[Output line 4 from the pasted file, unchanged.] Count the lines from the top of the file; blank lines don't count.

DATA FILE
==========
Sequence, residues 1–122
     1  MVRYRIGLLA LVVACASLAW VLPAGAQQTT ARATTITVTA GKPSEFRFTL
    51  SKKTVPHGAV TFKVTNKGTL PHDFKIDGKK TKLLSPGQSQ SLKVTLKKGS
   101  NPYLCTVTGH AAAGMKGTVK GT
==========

   101  NPYLCTVTGH AAAGMKGTVK GT